Tuesday, December 4, 2018

General Motors Cuts Back on Fuel-Burning Cars

We can add General Motors to the list of auto manufacturers scrambling to catch up with the changing car market. In a series of adjustments rumored in November and since confirmed, General Motors will close half of its car manufacturing plants in North America over the next three years, and the rest may last only a few years longer. Some observers see General Motors shifting car manufacturing to overseas factories, but that is a false picture created from mistaken assumptions. The factories that remain overseas will also have to cut back in the near term and are also at risk of being shut down in the coming years as demand for fuel-burning cars dries up.

I have seen complaints that say General Motors is cutting back too much, too soon, and politicians in both the United States and Canada have suggested that the company might be persuaded to reconsider or delay its cutbacks. This shows how poorly people remember history. It was just this mistake that brought the old General Motors to the brink of bankruptcy in 2008, leading into its 2009 bankruptcy reorganization that created the current General Motors. People, I think, forget the time scales that a major auto maker must deal with. General Motors has to plan out its designs, supply chain, and manufacturing capacity three years in advance. It is far more costly if such a large and cumbersome organization has to move faster than that. What will the demand for fuel-burning cars be three years from now in the 2022 model year? To be blunt about it, there is no assurance that anyone in the world will still be buying new fuel-burning cars at that point. By then, demand for fuel-burning cars will have fallen off so much that, in theory, the entire demand could be met with used cars. General Motors is betting that many of its wealthier customers will still be buying its new cars at that point, and it seems like a good bet to me, but when you look at how much money is at stake on what is essentially a consumer whim, it is understandable if the company is nervous.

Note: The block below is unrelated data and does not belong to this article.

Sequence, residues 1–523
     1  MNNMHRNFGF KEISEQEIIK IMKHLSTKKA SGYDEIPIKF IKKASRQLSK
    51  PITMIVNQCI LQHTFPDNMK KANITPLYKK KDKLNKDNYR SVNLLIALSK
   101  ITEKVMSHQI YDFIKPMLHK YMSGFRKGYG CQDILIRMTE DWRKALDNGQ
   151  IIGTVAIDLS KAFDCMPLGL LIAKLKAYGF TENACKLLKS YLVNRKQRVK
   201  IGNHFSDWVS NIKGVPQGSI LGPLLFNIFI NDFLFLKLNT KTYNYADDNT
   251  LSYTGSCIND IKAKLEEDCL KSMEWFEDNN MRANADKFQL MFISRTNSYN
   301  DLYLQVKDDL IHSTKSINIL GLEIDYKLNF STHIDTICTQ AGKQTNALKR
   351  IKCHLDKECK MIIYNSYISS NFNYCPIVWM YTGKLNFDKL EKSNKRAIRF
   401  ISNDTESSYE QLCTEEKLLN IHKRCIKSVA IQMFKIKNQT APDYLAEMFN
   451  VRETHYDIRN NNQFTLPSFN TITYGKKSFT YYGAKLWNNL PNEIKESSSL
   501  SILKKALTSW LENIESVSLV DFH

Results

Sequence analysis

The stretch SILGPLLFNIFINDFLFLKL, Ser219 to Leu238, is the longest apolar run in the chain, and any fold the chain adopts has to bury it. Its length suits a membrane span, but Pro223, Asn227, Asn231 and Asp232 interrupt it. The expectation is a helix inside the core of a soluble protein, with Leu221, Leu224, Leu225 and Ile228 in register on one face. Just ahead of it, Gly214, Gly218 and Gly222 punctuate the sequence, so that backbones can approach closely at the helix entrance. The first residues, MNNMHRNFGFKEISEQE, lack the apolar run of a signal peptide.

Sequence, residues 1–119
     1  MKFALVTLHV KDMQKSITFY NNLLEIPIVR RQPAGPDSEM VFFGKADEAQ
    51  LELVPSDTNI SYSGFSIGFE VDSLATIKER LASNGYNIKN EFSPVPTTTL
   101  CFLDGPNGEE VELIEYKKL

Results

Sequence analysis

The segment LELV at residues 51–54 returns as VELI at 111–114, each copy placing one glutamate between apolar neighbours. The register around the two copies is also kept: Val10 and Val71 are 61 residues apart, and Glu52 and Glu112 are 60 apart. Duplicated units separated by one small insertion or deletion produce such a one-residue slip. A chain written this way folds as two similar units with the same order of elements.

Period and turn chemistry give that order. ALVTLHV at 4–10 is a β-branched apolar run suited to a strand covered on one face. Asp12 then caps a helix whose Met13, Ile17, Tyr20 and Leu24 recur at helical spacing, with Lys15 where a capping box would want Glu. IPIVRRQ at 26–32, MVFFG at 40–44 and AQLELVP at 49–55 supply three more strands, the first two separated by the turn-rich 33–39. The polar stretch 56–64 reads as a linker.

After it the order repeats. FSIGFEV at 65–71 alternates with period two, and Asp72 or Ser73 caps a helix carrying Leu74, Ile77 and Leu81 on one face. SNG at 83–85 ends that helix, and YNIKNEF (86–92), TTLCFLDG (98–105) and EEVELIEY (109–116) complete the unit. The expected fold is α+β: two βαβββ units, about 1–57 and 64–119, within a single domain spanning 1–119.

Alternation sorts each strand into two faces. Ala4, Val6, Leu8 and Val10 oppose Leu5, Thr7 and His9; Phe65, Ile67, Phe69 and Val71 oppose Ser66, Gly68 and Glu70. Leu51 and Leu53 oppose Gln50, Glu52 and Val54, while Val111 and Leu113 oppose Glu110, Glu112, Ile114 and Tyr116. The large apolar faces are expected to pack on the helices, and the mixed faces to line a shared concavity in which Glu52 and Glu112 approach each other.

As it closes factories, General Motors is eliminating many of its car models. The list notably includes the Volt, the ill-advised hybrid design that combined an electric drive with a gasoline-powered generator. It was a money-losing proposition from beginning to end, undertaken mainly as a public relations stunt. The Volt got the attention the company was looking for, but it never gained the credibility its designers had hoped for.

Some of the auto industry speculation is that people will be less interested in owning cars as new designs make them more reliable. We may become a nation of renters when it comes to cars. This doesn’t necessarily mean that drivers will drive less, but there will be fewer total cars, with fewer cars sitting idle on any given day. This would seem to imply less manufacturing and more maintenance in the future of cars, though it is hard to be sure. The important thing to note is that fuel-burning cars will not be cost-competitive whether people are renting or owning.

Consider the risks if manufacturers cut back capacity too quickly. Some of the remaining factories might have to work two shifts to make enough cars. There could be a shortage, prompting a few buyers to go for used cars instead. This is not so bad. Balance that against the risk if manufacturers keep more capacity than they need. There could be billions of dollars in unsold inventory in dealer lots and in rented parking lots in Detroit. The auto manufacturers could go bankrupt and all their factories could close. That is a bigger problem, and that is the scenario that General Motors is trying to guard against.

While the focus is on cars right now, light trucks will follow just a few years later as battery technology advances and scales up, and heavy trucks just a few years after that. What happens to cars will eventually happen to the rest of the industry.

The political rumor machine has it that the United States will eliminate all subsidies for efficient and low-emission vehicles. That move probably makes sense at this point. Subsidies may have a place as a way to get a new approach off the ground. It hardly makes sense to use them as a way to speed the old guard into bankruptcy.